“Sure.” He cranked the engine and eased away from the curb. Even were they a little late, it wouldn’t matter any. Was this going to be her summer? None of it mattering any?
“Huh?” Roger had said something.
“I just asked about work,” he said.
“Oh, it’s okay. How about with you?”
“A pain. But it’s college money.” Roger was actually working construction, working for his father’s company. It felt odd to think of him in work clothes, doing whatever he did.
“What does your dad have you doing?”
“Digging, mostly. Trenches for concrete footers.”
Hard manual labor. It did feel odd. She tried to picture Roger shoveling dirt in a sweat-stained tee and found she couldn’t. Did he sit and talk with the other guys on the job? Did he use the same profanities, maybe drink a beer or two at the end of the day? Ronnie had seen construction workers and thought she knew a thing or two about them.
“I hope you showered well after a day of that,” she quipped. Why did she say that? It wasn’t the sort of thing she did. Roger only chuckled. She didn’t seem to have embarrassed him. Not as much as she embarrassed herself.
“Lots of cars,” he mumbled. “I’ll see if there’s a parking space on Broad.” He pulled into one about halfway up the block. Only a block and a half from the beach. Ronnie thought she might prefer to walk that direction instead of back toward the theater. She got out before Roger could come around and get the door.
It wasn’t quite dark yet. A glow came from the direction of the Gulf, the just-set sun. Black silhouettes of coconut palm stood against a smoke-purple sky. They lined both sides of Broad Avenue, had as far back as she could remember, tall when she was still a little girl. They clipped the nuts off before they matured these days but once one could drive about in the early morning and pick up freshly-fallen coconuts.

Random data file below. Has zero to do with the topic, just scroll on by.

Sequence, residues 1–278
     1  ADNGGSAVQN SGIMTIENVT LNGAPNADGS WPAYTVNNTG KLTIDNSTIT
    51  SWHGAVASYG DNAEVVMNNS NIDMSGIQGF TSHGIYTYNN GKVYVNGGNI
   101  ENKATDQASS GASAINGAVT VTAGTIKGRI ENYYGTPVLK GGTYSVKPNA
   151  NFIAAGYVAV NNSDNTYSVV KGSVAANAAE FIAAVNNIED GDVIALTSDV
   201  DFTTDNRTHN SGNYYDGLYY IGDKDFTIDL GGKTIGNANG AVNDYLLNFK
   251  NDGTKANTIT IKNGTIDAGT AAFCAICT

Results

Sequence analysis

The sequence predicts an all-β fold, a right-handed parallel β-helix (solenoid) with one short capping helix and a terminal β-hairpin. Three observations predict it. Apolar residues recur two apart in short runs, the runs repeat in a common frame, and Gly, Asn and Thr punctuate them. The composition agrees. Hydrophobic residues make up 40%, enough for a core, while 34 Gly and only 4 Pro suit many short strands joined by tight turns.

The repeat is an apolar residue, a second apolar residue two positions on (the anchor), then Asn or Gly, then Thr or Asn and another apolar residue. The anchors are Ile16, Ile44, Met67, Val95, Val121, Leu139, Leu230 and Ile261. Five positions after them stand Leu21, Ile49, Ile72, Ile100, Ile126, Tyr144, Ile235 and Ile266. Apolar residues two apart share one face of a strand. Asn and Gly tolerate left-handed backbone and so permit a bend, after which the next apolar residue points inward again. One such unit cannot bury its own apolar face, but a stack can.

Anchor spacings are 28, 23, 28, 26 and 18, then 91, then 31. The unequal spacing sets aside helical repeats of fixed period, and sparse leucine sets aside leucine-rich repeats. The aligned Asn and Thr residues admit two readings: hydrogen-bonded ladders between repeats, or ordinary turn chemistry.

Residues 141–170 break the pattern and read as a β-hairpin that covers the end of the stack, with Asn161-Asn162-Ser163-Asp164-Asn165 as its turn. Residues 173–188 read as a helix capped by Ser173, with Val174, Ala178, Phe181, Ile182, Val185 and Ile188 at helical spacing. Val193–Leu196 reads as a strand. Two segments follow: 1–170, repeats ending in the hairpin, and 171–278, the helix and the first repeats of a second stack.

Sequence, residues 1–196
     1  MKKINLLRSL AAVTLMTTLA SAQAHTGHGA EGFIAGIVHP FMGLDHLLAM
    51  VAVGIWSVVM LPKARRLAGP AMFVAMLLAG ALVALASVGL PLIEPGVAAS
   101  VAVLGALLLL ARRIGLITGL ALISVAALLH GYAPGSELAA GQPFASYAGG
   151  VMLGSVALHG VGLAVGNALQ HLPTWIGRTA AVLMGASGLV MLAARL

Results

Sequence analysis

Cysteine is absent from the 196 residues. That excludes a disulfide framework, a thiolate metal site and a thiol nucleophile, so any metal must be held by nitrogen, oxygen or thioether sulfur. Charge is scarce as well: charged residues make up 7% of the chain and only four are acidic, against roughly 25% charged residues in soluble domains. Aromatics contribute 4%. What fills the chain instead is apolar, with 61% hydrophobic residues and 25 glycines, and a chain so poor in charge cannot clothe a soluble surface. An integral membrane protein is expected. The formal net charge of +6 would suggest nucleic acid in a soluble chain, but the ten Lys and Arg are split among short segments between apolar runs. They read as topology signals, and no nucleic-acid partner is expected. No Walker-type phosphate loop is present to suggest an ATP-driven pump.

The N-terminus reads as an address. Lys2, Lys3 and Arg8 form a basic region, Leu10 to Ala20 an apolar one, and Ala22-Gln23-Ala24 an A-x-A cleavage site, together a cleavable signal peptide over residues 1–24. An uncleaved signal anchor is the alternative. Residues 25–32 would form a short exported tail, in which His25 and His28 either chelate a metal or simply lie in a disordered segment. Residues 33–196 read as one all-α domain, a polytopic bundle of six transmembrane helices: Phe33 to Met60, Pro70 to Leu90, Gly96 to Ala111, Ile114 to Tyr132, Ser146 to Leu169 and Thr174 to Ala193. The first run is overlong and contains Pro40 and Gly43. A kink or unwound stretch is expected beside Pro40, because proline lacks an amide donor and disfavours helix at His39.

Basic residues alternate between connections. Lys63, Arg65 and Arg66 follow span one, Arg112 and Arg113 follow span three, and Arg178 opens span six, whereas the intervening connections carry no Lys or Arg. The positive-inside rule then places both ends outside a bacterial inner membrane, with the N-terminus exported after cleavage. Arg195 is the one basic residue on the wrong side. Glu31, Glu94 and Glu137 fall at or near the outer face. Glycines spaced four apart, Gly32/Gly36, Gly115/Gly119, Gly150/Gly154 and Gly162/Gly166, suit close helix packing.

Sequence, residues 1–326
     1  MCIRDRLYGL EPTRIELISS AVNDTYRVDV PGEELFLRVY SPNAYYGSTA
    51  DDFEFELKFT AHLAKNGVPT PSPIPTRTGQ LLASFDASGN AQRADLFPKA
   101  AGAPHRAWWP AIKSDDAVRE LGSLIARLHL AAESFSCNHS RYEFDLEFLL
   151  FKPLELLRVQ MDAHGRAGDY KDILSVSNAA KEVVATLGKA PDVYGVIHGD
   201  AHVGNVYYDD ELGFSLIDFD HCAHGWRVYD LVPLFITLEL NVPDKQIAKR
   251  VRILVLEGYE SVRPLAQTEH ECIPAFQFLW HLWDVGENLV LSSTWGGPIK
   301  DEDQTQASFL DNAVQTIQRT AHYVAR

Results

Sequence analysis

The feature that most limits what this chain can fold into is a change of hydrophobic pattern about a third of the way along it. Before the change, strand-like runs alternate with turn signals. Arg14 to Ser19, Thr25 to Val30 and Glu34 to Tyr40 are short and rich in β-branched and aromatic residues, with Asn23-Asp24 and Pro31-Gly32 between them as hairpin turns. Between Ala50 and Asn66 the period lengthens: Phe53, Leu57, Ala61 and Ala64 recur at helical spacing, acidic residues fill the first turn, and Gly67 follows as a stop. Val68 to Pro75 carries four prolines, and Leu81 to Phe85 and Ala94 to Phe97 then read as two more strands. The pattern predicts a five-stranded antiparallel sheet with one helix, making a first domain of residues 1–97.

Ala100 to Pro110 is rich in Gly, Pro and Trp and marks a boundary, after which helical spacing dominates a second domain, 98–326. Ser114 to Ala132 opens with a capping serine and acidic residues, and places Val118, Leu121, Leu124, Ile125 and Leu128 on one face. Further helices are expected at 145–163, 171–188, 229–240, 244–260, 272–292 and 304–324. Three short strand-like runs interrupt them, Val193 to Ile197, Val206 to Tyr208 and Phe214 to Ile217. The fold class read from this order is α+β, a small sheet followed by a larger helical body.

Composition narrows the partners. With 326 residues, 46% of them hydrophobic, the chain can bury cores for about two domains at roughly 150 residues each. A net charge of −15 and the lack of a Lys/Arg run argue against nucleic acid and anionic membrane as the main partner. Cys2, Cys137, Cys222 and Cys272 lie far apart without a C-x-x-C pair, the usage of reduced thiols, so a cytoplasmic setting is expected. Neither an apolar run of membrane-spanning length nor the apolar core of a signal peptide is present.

Too many had fallen on people’s cars. That wouldn’t do as more and more took up residence in town and in the developments beyond, northerners who didn’t understand a few dents from fallen coconuts were part of the price of life in paradise. That was what Dad said, anyway.
There were kids standing around the theater entrance, and at the drugstore next door. The venerable Beach Store — it was older than she was, in a town where very little was old. The theater was old too and located in a quonset hut. That definitely would be torn down soon. Everyone knew that. Some would miss it, eyesore though it was.
“Just a coke,” she murmured to Roger when he paused at the concession counter. She didn’t really want that, even. She just thought she should let him buy her something, so he wouldn’t feel awkward if he got something for himself. How dingy this place was, its dim tiled and stuccoed walls, the dark ragged carpet, littered with bits of popcorn and paper. Up a couple steps from the lobby; to the right was the gallery where black people would have sat only a couple years ago. To the left, the main seating. It was a reasonably large place, really, with just as big a screen as any theater in Fort Myers.
Unless one counted the drive-ins. She was glad Roger didn’t suggest that. The opening credits were running. Perfect timing. Enjoy the movie, she told herself. It will be okay. Even enjoy Roger’s arm around you and don’t mind if he kisses you later. It’s something to do on a Friday night.